More than half (55%) of US consumers say they are delaying a planned purchase of a new vehicle, or opting for a pre-owned one because of the current recession, a lack of consumer confidence, and a weak stock market, according to a survey from TNS.
The study asked 2,500 consumers if and how the current economy has affected their new-vehicle purchase decisions. Excluding those who say they don’t buy new vehicles at all, 43% say they have not changed their new-vehicle purchase timeframe. However, nearly half say they are delaying a purchase more than six months (30%) or are opting for a used vehicle instead (19%).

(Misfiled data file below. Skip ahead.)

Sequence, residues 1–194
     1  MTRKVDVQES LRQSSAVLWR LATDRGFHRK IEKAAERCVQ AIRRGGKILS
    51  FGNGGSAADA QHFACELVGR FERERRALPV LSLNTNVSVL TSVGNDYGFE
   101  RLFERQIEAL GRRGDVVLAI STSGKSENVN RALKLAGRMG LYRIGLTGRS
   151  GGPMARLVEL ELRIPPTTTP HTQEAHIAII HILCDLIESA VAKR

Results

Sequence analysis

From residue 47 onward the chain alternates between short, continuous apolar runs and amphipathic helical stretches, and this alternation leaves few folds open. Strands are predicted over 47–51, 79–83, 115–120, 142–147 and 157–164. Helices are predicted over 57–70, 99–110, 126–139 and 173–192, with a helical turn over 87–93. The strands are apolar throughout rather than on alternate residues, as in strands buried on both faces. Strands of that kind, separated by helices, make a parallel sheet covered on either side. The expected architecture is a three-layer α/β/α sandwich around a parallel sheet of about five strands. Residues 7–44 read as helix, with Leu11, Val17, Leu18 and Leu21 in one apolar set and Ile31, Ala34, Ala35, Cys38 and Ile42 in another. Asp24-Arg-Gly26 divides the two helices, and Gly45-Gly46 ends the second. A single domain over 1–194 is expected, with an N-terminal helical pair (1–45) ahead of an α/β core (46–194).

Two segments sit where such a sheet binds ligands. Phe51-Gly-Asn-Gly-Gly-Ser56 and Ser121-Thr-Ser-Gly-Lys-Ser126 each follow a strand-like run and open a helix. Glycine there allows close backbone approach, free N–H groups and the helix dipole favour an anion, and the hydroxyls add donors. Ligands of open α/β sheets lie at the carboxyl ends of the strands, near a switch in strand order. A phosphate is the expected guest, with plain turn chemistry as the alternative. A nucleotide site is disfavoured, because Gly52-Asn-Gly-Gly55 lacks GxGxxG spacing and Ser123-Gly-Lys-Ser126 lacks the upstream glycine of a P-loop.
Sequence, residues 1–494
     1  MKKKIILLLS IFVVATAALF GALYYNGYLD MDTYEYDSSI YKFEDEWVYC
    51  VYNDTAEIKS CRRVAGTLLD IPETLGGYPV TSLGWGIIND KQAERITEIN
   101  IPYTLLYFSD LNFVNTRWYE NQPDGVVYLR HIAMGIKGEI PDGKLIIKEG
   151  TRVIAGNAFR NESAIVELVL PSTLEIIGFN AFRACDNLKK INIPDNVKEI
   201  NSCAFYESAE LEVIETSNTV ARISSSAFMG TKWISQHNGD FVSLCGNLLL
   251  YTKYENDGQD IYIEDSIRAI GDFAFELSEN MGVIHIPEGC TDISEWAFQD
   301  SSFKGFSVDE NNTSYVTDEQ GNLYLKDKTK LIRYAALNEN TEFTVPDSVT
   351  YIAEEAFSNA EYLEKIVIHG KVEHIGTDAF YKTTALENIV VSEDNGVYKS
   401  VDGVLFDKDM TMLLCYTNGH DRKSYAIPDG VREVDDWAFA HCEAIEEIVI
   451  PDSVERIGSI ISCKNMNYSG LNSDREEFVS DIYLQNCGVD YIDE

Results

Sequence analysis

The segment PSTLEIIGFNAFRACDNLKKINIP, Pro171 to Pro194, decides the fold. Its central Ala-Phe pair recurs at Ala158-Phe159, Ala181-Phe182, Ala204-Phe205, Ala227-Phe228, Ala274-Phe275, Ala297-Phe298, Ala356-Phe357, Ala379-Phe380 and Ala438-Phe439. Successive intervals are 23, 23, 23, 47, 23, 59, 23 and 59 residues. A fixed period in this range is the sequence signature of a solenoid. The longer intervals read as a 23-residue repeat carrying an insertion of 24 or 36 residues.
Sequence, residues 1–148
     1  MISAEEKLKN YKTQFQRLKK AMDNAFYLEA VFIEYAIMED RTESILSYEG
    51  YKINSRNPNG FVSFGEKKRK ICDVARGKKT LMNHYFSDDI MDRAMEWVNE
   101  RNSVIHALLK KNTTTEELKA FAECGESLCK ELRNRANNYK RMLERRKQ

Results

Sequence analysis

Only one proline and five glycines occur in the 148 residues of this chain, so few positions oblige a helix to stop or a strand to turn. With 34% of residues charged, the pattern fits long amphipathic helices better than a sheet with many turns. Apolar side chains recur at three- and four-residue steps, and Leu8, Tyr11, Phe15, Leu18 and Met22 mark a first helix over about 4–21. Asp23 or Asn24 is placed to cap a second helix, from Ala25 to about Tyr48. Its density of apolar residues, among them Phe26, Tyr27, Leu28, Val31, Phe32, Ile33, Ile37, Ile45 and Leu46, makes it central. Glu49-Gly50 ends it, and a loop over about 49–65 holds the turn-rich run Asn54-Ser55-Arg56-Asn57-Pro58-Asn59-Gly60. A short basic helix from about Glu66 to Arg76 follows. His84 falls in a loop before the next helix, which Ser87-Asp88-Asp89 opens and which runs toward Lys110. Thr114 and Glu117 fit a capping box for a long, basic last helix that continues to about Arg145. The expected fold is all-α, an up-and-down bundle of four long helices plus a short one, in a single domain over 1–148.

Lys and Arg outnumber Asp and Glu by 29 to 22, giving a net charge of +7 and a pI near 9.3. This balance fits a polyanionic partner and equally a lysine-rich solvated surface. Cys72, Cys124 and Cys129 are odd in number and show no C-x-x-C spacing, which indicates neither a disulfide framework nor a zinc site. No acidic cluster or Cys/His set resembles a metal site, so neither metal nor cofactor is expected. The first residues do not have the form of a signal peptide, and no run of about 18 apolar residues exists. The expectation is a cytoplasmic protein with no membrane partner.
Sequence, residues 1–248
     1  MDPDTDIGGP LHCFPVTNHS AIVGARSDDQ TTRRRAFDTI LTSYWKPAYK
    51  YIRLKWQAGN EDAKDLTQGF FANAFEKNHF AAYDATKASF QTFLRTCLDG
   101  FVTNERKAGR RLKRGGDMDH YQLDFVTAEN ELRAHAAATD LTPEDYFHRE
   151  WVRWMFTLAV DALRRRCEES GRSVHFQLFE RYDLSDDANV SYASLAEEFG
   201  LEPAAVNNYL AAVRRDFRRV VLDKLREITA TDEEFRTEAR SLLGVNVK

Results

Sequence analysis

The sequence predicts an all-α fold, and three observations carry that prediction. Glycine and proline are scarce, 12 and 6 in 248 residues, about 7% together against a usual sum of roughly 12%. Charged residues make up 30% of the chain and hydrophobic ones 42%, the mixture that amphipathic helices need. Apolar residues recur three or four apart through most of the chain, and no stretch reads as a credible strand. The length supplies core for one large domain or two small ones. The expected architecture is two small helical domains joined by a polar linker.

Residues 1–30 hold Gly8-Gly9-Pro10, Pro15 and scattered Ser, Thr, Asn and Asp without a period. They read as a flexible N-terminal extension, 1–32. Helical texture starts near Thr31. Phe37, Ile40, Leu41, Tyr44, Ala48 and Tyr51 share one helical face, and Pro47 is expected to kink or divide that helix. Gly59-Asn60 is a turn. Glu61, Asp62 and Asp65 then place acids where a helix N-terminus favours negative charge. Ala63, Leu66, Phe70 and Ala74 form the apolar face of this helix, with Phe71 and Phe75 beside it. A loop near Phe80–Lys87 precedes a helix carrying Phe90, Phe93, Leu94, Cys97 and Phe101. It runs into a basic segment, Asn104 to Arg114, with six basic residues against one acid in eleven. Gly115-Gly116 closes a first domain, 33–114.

A much smaller number say they plan to delay for less than six months (5%) or are buying sooner (3%) to take advantage of deals.
In terms of what consumers thought was the most important thing that might revitalize dismal vehicle sales, resolving the banking crisis was by far consumers’ leading answer, with nearly 40% selecting this remedy. This may possibly be linked to car buyers’ current inability to get credit, TNS said.
Only 13% felt incentives and related deals on new vehicles would help the situation.